But the advent of stainless steel changed everything: it was not practicable to make steel cases in the traditional way, the material was much harder than gold or silver, too hard to form by hand into the individual pieces required by the old methods. And making the many welded or soldered joints required by the traditional methods was difficult in steel. Neither was it necessary economically. As a raw material, steel was cheap; so cheap that its cost could, to all intents and purposes, be ignored in watch case making. It was economic to machine away large amounts of material during the manufacturing process. But this couldn't be done on an old hand turned bow-lathe, it required powerful machines.

    In an article in the Journal de Genève on 4 April 1934, Philip Werner, professor at the School of Watchmaking in Geneva, reported progress that had been been made in working with the new material. After explaining the difficulties of machining and forming stainless steel, which "at the beginning made them despair", and the processes developed to overcome these difficulties, M. Werner presented the audience with various objects from the watch bracelet makers Gay Frères, the jewellery factory of A. and E. Wenger, and the watch case factory of Taubert & Fils. Taubert & Fils had been working with stainless steel from the late 1920s and were evidently selected to demonstrate that they had the techniques and processes necessary for making watch cases out of stainless steel to the rest of the watch case industry in Geneva. The Tauberts had evidently invested heavily in modern machinery for their factory on the Rue des Pêcheries to be able to make case this way, giving them a technical lead over many other Geneva watch case makers. A Taubert advert in 1943 noted that the serial production of stainless steel watch cases was made possible by the move of the old Borgel factory to the current "spacious, light and powerfully equipped" (emphasis added) factory in Plainpalais.

    [​IMG]
    Staybrite steel had been introduced to the Swiss watch industry in the 1920s by Firth Steel Sales AG, founded in 1919 in Switzerland as a subsidiary of Firth Brown, but until the 1929 crash had received little interest from Swiss watchmakers. A combination of financial pressures due to the crash and advertising by the makers of stainless steel promoting it as a new "wonder material" suitable for the "modern age" resulted in an interest to use it for watch cases. The take up of stainless steel must have been quite rapid and extensive because by 1934 Firths were taking out advertisements in the Swiss watchmaking press, such as the one reproduced here from 1934, reminding watch makers, and watch case makers in particular, that Staybrite was only made by Thomas Firth John Brown Ltd. of Sheffield and was protected by Swiss patent No. 138 647, and that the name "Staybrite" could only be used on items actually made from Staybrite steel, and only with authorisation from Firths..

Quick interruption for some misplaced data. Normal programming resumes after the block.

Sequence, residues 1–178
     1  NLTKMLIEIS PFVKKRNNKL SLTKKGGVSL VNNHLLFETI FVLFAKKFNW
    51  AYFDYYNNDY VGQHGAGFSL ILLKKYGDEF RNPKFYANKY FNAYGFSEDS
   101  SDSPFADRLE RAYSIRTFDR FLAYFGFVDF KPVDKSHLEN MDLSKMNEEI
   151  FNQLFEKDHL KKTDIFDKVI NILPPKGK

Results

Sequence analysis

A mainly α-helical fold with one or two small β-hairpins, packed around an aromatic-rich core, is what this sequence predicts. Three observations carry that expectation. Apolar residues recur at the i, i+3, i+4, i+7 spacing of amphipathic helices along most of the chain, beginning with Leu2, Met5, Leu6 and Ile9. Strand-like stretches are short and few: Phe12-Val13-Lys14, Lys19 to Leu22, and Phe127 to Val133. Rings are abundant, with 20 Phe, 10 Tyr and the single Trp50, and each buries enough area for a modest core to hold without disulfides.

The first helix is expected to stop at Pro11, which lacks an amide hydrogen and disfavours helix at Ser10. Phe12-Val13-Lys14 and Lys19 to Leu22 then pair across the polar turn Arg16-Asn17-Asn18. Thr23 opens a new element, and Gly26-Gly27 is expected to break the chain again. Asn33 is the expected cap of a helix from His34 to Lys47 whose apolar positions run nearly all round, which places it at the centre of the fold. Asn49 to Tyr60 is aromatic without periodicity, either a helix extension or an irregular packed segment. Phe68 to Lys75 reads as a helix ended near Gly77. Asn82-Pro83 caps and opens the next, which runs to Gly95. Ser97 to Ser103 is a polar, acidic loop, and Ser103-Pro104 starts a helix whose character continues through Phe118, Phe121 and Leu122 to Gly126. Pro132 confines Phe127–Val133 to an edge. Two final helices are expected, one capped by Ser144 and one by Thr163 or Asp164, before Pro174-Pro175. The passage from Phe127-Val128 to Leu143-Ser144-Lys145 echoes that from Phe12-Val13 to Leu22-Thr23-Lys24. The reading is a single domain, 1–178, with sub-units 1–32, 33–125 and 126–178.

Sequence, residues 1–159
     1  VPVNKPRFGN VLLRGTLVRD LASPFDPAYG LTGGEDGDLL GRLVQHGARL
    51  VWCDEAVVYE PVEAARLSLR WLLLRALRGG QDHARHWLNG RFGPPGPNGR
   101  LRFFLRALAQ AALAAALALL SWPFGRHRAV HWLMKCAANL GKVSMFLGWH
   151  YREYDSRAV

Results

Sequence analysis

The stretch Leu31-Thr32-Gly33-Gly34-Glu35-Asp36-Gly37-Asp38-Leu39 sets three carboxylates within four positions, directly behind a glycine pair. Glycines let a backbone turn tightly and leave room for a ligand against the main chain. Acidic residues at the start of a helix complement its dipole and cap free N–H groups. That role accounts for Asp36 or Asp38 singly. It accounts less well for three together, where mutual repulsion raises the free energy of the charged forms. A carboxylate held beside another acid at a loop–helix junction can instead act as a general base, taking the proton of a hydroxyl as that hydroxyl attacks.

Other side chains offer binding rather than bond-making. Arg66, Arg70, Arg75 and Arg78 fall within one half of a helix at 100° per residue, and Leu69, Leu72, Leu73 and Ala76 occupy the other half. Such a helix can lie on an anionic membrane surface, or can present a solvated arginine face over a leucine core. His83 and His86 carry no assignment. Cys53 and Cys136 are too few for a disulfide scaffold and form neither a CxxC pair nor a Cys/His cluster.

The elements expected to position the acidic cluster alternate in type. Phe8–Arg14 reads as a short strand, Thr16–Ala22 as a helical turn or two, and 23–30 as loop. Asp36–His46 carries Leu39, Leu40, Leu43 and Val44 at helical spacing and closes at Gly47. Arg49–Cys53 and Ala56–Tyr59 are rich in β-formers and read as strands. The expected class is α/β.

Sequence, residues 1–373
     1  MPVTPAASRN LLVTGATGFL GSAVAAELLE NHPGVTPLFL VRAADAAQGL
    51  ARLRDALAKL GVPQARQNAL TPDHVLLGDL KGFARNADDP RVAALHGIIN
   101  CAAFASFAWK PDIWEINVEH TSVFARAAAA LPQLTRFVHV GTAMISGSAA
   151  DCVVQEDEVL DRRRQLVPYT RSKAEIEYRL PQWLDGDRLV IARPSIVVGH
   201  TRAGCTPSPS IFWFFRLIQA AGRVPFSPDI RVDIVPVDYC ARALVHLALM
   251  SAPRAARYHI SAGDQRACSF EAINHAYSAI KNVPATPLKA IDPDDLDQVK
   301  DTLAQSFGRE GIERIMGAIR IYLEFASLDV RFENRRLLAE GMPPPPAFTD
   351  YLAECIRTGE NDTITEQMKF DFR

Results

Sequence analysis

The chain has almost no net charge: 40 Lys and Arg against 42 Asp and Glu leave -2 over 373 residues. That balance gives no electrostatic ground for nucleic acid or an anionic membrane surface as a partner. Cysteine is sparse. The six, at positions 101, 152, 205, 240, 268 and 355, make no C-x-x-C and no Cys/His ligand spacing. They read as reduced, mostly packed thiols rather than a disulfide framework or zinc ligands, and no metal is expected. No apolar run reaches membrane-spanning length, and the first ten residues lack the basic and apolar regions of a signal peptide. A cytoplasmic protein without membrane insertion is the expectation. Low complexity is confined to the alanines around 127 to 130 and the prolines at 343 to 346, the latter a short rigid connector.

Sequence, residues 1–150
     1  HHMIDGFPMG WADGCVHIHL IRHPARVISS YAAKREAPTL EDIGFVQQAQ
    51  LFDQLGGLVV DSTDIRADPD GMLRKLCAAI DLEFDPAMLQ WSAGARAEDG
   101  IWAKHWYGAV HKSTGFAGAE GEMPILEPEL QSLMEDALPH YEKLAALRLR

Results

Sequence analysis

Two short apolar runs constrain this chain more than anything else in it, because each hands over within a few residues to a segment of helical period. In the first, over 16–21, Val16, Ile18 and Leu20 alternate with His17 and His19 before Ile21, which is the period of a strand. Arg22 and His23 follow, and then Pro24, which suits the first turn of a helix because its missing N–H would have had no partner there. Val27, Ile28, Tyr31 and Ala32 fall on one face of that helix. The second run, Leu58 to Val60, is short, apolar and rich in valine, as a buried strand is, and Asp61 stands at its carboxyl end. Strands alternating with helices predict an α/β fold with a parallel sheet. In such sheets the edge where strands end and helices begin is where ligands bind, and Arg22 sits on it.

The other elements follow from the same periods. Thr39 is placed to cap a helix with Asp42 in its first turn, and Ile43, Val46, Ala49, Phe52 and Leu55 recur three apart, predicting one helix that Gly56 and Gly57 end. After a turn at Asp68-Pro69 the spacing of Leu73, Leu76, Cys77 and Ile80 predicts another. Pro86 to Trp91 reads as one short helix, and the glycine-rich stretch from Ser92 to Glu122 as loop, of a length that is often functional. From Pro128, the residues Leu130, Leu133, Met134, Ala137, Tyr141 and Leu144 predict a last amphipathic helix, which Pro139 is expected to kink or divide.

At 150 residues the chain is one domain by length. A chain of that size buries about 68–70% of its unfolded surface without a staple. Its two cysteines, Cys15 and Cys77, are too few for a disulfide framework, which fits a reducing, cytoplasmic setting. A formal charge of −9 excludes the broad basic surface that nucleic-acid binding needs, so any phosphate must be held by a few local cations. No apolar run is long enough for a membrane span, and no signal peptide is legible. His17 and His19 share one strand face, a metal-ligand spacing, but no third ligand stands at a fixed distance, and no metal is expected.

In his presentation M. Werner mentioned that the steel was an alloy containing 12% nickel and 12% chromium and "whose colour is particularly beautiful." Staybrite steel with 12% chrome and 12% nickel was called Deep-Drawing Quality (DDQ) because it had better cold workability than 18/8 stainless steel. In engineering terms, "drawing" is a forming process in which the metal is drawn over a former, or pressed into a die (mould) by a punch. "Deep drawing" refers to a drawing process where the depth of the drawn component exceeds the thickness of the material. The original 18/8 stainless steel was not sufficiently ductile to allow deep drawing, so the DDQ alloy with less chromium and more nickel was developed. This YouTube video Rolex 904L Steel shows watch cases being made by punching and drawing - the link will open in a new tab.

    Staybrite DDQ was less corrosion resistant compared to 18/8 stainless steel due to the lower chromium content, but 18/8 stainless steel couldn't be formed into watch cases by drawing so Staybrite DDQ was widely used for Swiss watches until the 1960s and 1970s when new stainless steel alloys, still closely based on the original composition of Staybrite DDQ, were developed. Today the brand name Staybrite belongs to F.W.Hempel &Co. and is registered and protected in numerous countries.

    Two important Geneva watch makers who placed early orders for stainless steel watch cases with the Tauberts because of their expertise in working with the new hard material, which their existing case makers couldn't work with, and who were consequently also early adopters of the Taubert waterproof decagonal back case with cork stem seal, were Patek Philippe and Vacheron Constantin.